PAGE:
The Battle of Algiers

A fictional film that uses Italian neorealist techniques to mimic documentary style footage. The other film, Waltz with Bashir,
blends traditional documentary form with animation to create a nightmarish meditation on memory and
institutional/personal amnesia of war. You are also going to be reading a lecture by Svetlana Alexievich as she
explains her motivations behind capturing the Soviet and post-Soviet soul through her own hybrid work. (The
essay can be found on pages 6-19 in the document. )
1) Does the switch from Rotoscoped to documentary footage at the end of Waltz with Bashir undercut the
power/rhetoric of the animated medium? Does it show its limitations? Or does the break successfully shock the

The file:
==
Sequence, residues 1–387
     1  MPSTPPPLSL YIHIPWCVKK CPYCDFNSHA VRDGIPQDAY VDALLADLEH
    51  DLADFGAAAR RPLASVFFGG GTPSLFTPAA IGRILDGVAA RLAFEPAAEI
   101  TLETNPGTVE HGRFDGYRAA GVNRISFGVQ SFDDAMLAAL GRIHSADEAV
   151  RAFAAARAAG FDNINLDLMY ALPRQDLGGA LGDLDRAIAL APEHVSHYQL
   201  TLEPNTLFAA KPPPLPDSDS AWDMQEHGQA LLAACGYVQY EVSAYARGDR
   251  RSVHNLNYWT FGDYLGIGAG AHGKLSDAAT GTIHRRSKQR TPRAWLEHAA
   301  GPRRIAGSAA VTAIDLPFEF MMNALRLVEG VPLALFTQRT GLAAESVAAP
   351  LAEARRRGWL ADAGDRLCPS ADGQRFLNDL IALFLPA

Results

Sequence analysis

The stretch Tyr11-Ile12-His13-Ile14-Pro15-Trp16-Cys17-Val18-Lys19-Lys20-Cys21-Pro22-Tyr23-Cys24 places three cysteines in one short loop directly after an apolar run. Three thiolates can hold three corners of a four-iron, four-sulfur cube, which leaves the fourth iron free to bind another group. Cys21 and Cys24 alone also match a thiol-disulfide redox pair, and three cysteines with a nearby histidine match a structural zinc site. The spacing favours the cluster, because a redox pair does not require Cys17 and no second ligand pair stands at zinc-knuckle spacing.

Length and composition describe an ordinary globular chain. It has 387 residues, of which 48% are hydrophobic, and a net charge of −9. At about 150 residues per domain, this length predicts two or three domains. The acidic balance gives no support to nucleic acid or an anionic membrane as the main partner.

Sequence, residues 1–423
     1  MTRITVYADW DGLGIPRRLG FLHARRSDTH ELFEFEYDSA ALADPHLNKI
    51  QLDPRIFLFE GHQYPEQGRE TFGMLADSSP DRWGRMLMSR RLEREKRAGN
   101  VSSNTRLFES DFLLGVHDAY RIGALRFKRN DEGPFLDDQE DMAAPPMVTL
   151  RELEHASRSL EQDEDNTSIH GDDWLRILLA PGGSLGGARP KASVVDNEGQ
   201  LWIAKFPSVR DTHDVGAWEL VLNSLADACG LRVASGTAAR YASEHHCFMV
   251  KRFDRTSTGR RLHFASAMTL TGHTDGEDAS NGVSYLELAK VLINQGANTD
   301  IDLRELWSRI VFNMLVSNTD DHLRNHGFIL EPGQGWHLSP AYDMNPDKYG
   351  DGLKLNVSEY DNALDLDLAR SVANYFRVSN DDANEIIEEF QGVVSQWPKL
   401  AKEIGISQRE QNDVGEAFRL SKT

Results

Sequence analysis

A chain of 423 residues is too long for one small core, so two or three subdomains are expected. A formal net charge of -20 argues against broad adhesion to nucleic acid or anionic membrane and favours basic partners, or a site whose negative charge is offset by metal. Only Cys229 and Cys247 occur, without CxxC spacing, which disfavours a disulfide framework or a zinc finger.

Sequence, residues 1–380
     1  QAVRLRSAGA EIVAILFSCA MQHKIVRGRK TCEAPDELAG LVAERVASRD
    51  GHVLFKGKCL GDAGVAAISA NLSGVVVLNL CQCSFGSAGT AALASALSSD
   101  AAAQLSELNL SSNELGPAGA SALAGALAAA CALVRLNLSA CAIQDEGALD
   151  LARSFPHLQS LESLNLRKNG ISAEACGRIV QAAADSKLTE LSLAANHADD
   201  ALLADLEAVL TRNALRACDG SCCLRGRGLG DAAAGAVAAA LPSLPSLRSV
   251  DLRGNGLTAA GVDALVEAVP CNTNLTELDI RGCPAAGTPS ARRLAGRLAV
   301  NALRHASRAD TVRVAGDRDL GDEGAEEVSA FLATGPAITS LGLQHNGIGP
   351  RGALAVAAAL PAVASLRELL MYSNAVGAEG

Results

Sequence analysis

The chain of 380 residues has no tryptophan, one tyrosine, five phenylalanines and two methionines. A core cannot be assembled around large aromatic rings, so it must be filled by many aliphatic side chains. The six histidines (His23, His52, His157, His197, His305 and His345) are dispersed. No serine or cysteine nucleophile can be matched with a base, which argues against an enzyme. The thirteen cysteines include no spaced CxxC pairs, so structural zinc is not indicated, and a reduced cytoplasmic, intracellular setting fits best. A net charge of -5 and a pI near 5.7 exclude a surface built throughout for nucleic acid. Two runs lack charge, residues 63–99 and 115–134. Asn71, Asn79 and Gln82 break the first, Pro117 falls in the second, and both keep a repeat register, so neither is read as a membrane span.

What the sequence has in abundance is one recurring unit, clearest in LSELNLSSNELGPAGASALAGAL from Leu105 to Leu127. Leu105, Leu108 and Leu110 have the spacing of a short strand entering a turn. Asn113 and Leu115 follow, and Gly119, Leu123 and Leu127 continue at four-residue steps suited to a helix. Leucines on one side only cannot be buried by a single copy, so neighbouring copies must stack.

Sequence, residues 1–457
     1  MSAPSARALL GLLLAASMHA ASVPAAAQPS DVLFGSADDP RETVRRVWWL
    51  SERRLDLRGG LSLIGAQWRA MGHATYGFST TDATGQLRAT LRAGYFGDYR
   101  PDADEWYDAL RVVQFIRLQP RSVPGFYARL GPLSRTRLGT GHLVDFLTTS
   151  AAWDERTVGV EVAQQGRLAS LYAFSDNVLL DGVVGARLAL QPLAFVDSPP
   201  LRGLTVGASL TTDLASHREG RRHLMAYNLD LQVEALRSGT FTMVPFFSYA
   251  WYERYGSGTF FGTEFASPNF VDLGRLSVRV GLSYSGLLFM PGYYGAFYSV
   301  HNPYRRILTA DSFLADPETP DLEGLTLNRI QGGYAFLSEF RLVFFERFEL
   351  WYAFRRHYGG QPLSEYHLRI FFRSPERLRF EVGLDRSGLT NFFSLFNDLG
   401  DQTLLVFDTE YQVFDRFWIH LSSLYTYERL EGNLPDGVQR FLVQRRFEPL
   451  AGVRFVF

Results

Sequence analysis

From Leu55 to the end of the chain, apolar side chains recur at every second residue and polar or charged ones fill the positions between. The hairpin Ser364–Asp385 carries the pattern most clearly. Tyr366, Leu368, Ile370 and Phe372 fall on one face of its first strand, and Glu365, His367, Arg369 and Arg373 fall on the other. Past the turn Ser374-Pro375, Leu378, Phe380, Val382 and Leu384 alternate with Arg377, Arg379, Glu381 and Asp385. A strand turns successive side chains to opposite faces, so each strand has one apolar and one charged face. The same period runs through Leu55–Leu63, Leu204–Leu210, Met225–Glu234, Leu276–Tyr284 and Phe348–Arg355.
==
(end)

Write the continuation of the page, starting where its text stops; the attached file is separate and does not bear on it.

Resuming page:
viewer out of a dreamlike state produced by the film? Why or why not?
2) Do you agree or disagree with the notion of this film being in the ‘shooting and crying’ genre? Does this film
privilege the suffering of the shooter over the suffering of the victim?
3) In a world where suffering is wonton, quotidian, and often banal due to the easy accessibility of video news
footage, does neo-realism or the hybrid style of Alexievich stand a chance? In other words, the mission is to
shock the reader/viewer into collective action against injustice through fictional techniques that borrow from
documentary. Do these styles still matter in the face of easy accessibility to violence?

Sample Solution

ACED ESSAYS